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Tuesday, August 25, 2015 

Being right about the Iraq war has made Sarah Ditum insufferable.

I, like Sarah Ditum, was against the Iraq war.  I, like Ditum, focused on the potential for war to the detriment of everything else, with the exception of one thing.  I was a few years younger than Ditum, but otherwise the picture she paints is highly recognisable.  Perhaps I wouldn't go as far to say that it gave me an overwhelming sense of moral superiority, as it didn't, mainly because I'm rarely 100% certain about anything.  I definitely hoped that other people I admired would be anti-war too though.

Which is where we must separate.  I long ago reached the point of being bored senseless by Iraq; there are only so many times the same arguments can be regurgitated, the same realities ignored, the same mistakes repeated before you lose the will to carry on.  I might not feel morally superior for it, but I'm more convinced than ever that Iraq will come to be seen as the defining disaster of early 21st century foreign policy.  It's just that there seems little to no point whatsoever in acting high and mighty about it, or reminding everyone just how right you were, precisely because most other people who were also energised and enraged by the build up to the war are now also in a similar position.  Shutting the fuck up about Iraq is something I would have advised everyone to do, or at least would have done prior to the rise of Islamic State.

For the reason that you can't talk about Islamic State without recognising where the group came from.  Islamic State owes its existence to the Iraq war, even if its existence can hardly be wholly blamed on the West as some would like to.  Al-Qaida probably had at best a handful of members in Iraq prior to the invasion.  Afterwards, thanks to the Americans and our good selves deciding it would be a spiffing idea to carry on with an occupation that was doomed from the start, foreign Sunni extremists, domestic Islamists and nationalists/Ba'athists opposed to the foreign presence swiftly made common cause and so began the insurgency.  The forerunners to Islamic State changed name repeatedly, seemed on a couple of occasions on the brink of defeat, but thanks to mistakes by the Western-backed Iraqi government, were never degraded completely.  It's a very long way from the bombing of the UN building in August 2003 to the destruction of the Baal temple in Palmyra in Syria in August 2015, but the two outrages are connected.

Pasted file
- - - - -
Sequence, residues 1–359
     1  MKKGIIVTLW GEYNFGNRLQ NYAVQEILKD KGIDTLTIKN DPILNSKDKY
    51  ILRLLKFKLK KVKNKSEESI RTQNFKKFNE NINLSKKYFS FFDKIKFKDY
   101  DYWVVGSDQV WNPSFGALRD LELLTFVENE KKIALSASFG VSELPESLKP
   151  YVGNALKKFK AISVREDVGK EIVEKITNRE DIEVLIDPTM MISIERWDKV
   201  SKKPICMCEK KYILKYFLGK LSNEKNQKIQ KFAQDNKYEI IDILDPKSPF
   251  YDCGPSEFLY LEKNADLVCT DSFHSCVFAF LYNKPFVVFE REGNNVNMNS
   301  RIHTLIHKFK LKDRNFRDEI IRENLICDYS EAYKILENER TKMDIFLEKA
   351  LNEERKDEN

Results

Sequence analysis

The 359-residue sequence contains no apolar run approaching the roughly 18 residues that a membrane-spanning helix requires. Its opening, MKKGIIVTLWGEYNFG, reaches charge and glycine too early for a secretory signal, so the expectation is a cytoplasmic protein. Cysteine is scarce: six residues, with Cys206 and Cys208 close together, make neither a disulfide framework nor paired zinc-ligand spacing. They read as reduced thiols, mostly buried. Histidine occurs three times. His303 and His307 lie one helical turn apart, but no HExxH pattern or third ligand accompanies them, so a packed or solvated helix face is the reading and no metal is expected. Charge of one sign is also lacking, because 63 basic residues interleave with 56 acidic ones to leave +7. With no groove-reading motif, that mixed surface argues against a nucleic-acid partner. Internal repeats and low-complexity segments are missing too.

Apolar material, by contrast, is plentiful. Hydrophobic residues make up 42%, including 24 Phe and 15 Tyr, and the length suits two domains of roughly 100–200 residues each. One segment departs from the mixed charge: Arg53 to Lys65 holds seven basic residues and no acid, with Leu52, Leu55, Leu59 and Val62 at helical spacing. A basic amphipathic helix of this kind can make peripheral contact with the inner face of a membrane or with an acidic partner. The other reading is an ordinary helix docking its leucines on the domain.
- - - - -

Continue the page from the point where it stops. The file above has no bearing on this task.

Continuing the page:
No, what Ditum seems to be describing is, once again, and as Flying Rodent has also pointed out, her own private Idaho.  The left she's talking about and identifies is the same one trapped in the social media echo chamber, the one where as fellow New Statesman columnist Helen Lewis has recently identified, appearing right on is more important than actually being so when it matters.  I mean really, Media Lens?  I too quite liked them back between around 2003-2006, then lost interest once it became apparent they believed their real enemies to be the few mainstream outlets in this country that are even vaguely left-wing.  It's very easy to be snotty about Twitter, especially when you're someone who has always refused to have anything to do with it, but it undoubtedly can and has made some even more parochial in their interests and selective in precisely what information they rely on.

Ditum's real point, more really than Iraq, is about how this relatively small cross-section of people are among the most vocal in supporting Jeremy Corbyn.  They no doubt are, and considering that the SNP have long been some of the most noisy in making known their opposition to the war, despite having done very little at the time about it, it's not surprising that some of these same people were not like us marching around our miserable little town centres knowing full well it was pointless.  Mainly because plenty of them were, like Mhairi Black, not even into double figures age wise at the time.  That's how long ago it was, even if it doesn't feel like it.